Referral to Children's Social Care

The mechanism of referrals to Children's Social Care may vary depending on locality. In some areas, referrals can be made by telephone in the first instance but should be followed up in writing within 24 hours. In other areas, referrals may be made by email or via the Local Authority website. In some areas, Children’s Social Care, police, health and other services are working together to provide a 'front door' for referrals that may be known as a multi-agency safeguarding hub or MASH or MAST (multi-agency safeguarding hub/team). Local authorities may have a proforma for inter-agency referrals, this can act as an aide memoire and help to ensure that the referral is comprehensive and complete.

Practice protocols and procedures (see Section 3 of the toolkit) should set out understandable guidance for all staff on how to handle concerns about possible maltreatment or disclosure of abuse by a child, parent or carer.

Consent to the referral should normally be sought, unless to do so would place the child at risk of further harm, but it can be over-ridden if abuse and neglect are suspected.

Child Protection System in the UK

Each of the four nations in the UK have their own child protection system and laws to protect children from abuse and neglect. The NSPCC provide up to date information on each nation's laws, guidance, frameworks and practice.

10 Top Tips for Making a Child Safeguarding Referral

Each area will have their own multi-agency referral form which should be used. These tips are designed to help you make a clear and effective Child Safeguarding Referral once you have made the decision to do so. These tips can also be applied to writing a safeguarding conference report.

  1. Make clear who you are, what your role and relationship is to the child you are making the referral about. Include where the child is now and what actions have been taken to ensure the safety of that child. If a child is in immediate danger, an emergency response should be initiated contacting the Police on 999.
  2. State the source of your concern and be clear what is fact and what is opinion. Reports should distinguish clearly between facts, such as investigation and examination findings, observations, such as those relating to demeanour or personal hygiene, and opinion such as those about relationships.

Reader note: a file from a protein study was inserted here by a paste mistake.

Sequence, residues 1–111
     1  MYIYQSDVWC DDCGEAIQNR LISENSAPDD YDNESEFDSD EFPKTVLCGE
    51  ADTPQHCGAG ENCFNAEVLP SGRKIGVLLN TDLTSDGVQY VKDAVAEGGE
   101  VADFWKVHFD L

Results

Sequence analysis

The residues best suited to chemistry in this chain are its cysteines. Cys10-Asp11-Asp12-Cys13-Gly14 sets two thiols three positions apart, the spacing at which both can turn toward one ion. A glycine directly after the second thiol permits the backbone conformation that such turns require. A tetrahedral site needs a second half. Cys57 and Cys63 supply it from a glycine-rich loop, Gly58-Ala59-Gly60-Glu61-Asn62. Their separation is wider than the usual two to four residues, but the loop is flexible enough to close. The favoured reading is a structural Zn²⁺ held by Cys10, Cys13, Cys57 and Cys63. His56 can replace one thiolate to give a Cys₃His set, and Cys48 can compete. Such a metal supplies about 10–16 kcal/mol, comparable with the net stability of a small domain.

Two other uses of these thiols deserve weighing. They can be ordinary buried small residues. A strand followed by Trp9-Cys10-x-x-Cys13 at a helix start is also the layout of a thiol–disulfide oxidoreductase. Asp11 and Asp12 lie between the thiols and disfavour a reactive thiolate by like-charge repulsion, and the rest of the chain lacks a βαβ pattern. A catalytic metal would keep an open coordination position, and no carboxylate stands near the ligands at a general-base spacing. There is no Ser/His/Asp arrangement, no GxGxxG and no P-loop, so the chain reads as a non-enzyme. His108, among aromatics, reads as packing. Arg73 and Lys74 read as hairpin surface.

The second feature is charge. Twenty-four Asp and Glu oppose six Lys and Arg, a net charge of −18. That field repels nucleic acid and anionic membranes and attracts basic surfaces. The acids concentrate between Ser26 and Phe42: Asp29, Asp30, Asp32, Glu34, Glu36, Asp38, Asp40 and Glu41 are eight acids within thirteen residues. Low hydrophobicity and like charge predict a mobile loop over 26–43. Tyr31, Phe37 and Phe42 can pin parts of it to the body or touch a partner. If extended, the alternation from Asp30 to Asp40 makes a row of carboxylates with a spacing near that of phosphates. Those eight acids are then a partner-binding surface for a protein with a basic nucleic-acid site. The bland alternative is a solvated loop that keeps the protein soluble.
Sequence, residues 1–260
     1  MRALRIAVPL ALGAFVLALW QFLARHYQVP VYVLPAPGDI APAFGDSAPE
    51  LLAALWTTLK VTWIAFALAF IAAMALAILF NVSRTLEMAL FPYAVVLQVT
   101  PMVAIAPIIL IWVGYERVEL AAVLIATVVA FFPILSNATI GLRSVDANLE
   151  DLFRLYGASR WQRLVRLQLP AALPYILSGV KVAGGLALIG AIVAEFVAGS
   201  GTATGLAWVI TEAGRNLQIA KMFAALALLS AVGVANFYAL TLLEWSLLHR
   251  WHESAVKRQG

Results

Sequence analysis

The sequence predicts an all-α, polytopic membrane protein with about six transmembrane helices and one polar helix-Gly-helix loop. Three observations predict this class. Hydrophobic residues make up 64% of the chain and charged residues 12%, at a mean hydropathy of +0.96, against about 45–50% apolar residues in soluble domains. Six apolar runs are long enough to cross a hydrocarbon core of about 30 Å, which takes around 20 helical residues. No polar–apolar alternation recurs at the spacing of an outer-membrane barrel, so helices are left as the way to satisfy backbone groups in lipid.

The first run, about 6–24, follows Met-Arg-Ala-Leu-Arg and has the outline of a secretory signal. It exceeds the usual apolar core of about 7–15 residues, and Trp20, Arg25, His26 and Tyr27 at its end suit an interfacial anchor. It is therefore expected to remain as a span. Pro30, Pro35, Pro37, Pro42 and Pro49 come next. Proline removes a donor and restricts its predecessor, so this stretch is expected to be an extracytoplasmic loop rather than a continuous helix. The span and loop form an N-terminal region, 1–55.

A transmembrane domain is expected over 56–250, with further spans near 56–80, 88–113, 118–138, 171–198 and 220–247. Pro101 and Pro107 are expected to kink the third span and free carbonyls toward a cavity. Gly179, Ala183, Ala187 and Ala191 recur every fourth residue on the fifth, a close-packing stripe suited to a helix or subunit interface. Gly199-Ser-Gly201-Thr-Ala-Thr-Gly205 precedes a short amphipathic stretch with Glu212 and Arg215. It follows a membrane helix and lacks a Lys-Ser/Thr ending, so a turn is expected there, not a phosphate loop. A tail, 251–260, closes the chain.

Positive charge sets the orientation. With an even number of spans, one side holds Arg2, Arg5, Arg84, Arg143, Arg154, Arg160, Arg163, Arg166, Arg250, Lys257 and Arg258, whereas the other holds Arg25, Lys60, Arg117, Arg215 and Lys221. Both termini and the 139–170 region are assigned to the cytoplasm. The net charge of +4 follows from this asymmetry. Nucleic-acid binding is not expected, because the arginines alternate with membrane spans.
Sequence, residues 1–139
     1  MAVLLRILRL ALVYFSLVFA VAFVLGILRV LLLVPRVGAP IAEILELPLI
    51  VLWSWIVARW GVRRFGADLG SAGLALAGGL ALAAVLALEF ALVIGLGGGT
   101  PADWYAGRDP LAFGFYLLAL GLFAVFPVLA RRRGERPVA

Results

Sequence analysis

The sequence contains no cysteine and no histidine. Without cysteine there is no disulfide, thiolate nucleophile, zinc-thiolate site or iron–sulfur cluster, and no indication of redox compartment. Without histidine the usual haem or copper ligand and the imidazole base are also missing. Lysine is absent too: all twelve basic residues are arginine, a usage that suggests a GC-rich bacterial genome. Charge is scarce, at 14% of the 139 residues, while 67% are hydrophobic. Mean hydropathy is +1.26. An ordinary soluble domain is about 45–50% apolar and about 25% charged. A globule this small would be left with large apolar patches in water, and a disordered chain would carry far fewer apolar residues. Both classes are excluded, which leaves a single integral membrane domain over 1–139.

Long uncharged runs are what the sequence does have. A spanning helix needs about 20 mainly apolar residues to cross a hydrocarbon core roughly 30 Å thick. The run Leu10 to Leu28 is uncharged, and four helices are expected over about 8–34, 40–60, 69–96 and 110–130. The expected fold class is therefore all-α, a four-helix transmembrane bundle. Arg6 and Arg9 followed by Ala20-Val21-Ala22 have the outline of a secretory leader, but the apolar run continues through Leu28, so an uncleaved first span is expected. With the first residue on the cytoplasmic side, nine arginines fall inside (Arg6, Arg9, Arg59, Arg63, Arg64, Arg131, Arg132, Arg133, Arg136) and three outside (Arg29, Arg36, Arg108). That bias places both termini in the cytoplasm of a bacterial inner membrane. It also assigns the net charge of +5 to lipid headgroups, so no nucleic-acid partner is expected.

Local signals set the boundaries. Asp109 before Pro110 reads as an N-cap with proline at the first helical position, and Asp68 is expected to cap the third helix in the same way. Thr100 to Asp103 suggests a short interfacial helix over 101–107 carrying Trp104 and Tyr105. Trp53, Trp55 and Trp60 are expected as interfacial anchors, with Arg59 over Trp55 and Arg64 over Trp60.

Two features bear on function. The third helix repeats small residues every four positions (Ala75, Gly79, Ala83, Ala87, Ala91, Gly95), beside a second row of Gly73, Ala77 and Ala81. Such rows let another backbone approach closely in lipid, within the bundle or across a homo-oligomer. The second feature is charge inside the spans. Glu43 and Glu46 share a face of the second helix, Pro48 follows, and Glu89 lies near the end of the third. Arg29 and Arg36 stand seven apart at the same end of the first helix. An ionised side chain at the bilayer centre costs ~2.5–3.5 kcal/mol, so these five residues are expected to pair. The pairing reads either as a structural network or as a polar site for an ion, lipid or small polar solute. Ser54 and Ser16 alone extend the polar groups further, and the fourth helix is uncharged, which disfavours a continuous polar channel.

3. If possible, try to include the child's thoughts and feelings about what is happening to them and what they would like to change. Use as much of the child's language as possible.
  4. Explain medical terminology and what this means for the child as the reader of the referral may not have any medical background.
  5. Describe and explain your concerns in as much detail as possible. Give a clear outline of why you are concerned, for example what is happening, or not happening, that is causing concern or impacting on the health and/or safety of the child or young person; this may include a short chronology of significant events. Be clear about what type of abuse you think may be happening. Include what is going well for the child/family and who is currently supporting them.
  6. State how the referral meets the local threshold for referral; include contextual issues. For example concerns about parental mental illness, substance abuse, domestic abuse, a chaotic lifestyle or missed appointments. State whether or not an EHA (Early Health Assessment) has been undertaken (although this is not a prerequisite for a child protection referral).
  7. State who lives in the household and the relationship of these individuals to the child and to each other (a genogram* can be useful). Consider whether there is anyone else at risk for example, other children or vulnerable adults, and state this and who they are. Consider whether you need to make an Adult Safeguarding Referral also.
  8. State whether the situation/referral has been discussed with the child and/or parents (which is expected practice, unless it is thought that to do so would place the child at additional risk). State whether consent has been obtained.
  9. State what actions have been taken by the referrer, including discussions with other relevant health professionals, practice leads or named professionals.
  10. Document clearly in the notes what action has been taken and code appropriately (see section on Processing and Storing of Safeguarding Information in Primary Care).

*A genogram is a picture of a person's family relationships and history. It goes beyond a traditional family tree allowing the creators to visualize patterns and psychological factors that affect relationships.

The Common Assessment Framework triangle (below) can be a useful reference for practitioners to use when completing referral forms for a child safeguarding referral.

triangle assessment framework for child safeguard and promoting welfare